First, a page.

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How to start writing your book (or start any other big creative project).

A couple of weeks ago I started writing my book (YO, FINALLY). Like actually words on digital paper. IT’S HAPPENING.

But anyone who has started a big project from scratch, especially a labour of love, knows it never feels like a case of “Just do it.” It’s big, it’s scary, as soon as it exists it can be critiqued and fall short. In your head your aspirations can be whatever you want them to be and, crucially, they can be safe tucked away all snug and warm in that noggin’ of yours.

Which is why I then STOPPED writing...then started...then flailed about a bit thereafter.

Reality makes aspirations vulnerable, oftentimes frustratingly difficult, sometimes just downright crappy.

So, how do you face this? How do you...just...well...get started (or re-start after falling off the horse)?

Here’s what I’ve been trying:


Yup. There we go. Simple. BLOG OVER.


Yeh...but no…but yeh. Sometimes the most frustrating advice is the most useful and this is one of those cases.

There IS more to say on it but, the nub and thrust (ew) of it is, you just have to sit and goddamn start getting it done in one way or another.

As my future mother-in-law likes to say “Det er så lett og så vanskelig” which basically means “It’s as easy as it is difficult.”

Getting those first few words on the page, the first few pixels on your design, the first few photographs to practice on is as easy as you think it is difficult.

Stop bullshitting yourself, stop making excuses, stop “planning” and procrastinating. You can’t make something you are proud of without just making something to start with.

Sam Maggs puts it pretty concisely for us all:

Just write those first few sentences. Let them sit there. Let them just be and exist. You might hate them, you might physically cringe as you even type them out (like I am doing right now for instance) but you have decided this is important for you to do.

You have decided to make this happen.

You just did.

The start of your project (though it will change and develop...hopefully to something less cringe inducing) now exists in reality.

I hated that first sentence I wrote as much as I adored it. Even if that little trail of words doesn’t make it into the final draft of my book, it’s existence was still a stepping stone to finishing what I know I need to finish.


Or should I say, allow yourself to do it badly. Allow your creation to exist and grow a little before refining it. If you keep going back and deleting that first sentence then it simply won’t exist and you’ll be back to square one.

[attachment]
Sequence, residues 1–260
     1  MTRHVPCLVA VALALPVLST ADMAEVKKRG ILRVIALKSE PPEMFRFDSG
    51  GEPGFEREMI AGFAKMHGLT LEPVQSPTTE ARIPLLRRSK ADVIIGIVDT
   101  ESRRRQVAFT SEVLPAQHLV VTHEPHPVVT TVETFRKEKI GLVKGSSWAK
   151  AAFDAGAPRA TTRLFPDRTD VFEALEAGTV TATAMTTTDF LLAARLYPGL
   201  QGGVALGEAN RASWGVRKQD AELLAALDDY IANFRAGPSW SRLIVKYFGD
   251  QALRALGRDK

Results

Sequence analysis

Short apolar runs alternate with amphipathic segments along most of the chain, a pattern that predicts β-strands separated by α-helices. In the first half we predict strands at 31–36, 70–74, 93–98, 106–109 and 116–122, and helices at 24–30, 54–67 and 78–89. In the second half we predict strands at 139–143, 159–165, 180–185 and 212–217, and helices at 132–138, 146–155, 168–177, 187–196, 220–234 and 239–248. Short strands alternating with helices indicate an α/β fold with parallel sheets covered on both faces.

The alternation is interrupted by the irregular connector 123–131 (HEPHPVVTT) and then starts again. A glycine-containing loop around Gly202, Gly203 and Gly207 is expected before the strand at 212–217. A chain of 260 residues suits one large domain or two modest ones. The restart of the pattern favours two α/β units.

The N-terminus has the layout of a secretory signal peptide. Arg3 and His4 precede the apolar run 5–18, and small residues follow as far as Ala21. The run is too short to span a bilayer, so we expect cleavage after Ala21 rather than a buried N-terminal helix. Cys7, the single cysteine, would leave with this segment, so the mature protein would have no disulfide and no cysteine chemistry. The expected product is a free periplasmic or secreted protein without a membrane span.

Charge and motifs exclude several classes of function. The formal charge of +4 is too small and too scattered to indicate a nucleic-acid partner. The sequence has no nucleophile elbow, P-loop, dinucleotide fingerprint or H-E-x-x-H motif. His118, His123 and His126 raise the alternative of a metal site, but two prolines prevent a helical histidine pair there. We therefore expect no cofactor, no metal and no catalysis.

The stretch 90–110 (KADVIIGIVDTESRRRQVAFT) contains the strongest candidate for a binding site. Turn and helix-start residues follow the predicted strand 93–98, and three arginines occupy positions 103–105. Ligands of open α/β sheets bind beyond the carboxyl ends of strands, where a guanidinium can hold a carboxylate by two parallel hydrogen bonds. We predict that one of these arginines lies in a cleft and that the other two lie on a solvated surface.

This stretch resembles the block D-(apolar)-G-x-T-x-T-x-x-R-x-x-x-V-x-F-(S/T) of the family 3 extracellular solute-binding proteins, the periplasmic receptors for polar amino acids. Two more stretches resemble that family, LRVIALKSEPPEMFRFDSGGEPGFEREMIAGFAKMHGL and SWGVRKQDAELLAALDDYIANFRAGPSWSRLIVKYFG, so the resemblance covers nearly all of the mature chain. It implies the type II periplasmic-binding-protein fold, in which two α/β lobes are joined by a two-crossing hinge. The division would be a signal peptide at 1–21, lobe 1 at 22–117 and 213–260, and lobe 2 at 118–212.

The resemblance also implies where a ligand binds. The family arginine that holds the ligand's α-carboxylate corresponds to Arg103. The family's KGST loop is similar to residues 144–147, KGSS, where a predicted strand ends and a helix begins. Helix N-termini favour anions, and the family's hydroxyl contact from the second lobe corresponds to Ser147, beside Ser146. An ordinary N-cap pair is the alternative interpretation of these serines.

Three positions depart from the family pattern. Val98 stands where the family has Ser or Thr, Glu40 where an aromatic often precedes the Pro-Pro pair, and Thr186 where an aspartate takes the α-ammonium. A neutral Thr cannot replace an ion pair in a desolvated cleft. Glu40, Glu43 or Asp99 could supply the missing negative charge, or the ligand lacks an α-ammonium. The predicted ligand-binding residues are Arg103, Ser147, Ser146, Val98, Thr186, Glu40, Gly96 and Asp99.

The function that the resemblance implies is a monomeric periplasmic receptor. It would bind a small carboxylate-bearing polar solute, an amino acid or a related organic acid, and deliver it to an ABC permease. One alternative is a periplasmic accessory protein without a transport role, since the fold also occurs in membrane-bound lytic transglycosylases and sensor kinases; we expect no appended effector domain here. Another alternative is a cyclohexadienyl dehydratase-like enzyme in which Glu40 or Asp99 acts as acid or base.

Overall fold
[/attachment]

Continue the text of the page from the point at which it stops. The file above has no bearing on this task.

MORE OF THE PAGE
Just gets words on paper. As many as you can.

Even if the words don’t really make sense yet, you’re not sure where they’re going or goddamn they’re just spelled weird.

This means learning to manage your inner critic. Their time will come trust me but that time ain't now. Now is a time for creating as much as possible so you have something to critique the shit out of later.

This lesson was actually one of the most difficult for me. To try and drop the habit of reading back over my work over and over and over again and instead just letting it lie there.

And let’s face it, the end product will NEVER be as good as want it to be, it may only just barely be good enough. At least now I have thousands of words more to play with than I did at the start.


Every day we prioritise what we do and make habits of the most important stuff. Brushing your teeth, putting on socks, feeding the cats, going to work...we make time for these things because they’re important enough. When your project becomes important enough to you then you MAKE TIME for it. Sometimes it's not possible to do so but, let’s be real here, a lot of the time you can. It may not be sitting for 5 hours straight and getting a chunk done, it could just be ten minutes here or there. Jotting some things down on the bus to work or getting up 30mins earlier in the morning to mind-vom some little things into existence.

You might find you’re already spending a lot of time thinking about your project. Planning it, worrying about it, finding ways to avoid doing it. If you have time for those things then there’s a good chance you have time to plough on!


...and, crucially, don’t burn out.

I went from 0 to trying to write 5,000 words a day (on top of all my normal lifey stuff) and it was kicking my butt. By the end of the week I was exhausted and had to give it a break to save my sanity. Since then it became hard to jump back on again.

Truth be told today is the first time I’ve sat and worked on my book in a few days now.

Like getting back into an exercise regime you have to pace yourself to avoid injury. Set achievable, useful goals and start small.

So long as you're chiseling away at things then you know they’re moving forward.


What if you fall off?

Firstly, get over it. Beating yourself is NOT helpful and is wasting time you could spend building up your energy again.

(My new mantra as someone who is addicted to tormenting myself).

Allow yourself a moment to think, as pragmatically as you can, WHY didn’t today or yesterday work out. Maybe you were distracted or in the wrong space or set the wrong time frame or goal. Make a mental note and move on.

Today is a new day...or fuck today, tomorrow could be your new day too. Just choose which one it is and get on with it.

Set yourself a new, maybe smaller, goal and go kick its butt.

Because this time next year you won’t care about all the hundreds of times you slipped up. All you will care about is that you persevered and ended up with something to show for it.

Today I sat and wrote again. I cringed and I doubted and my inner-critic was at times deafeningly loud...but that doesn’t matter. What matters is I’m making something worth, to me, critiquing in the first place.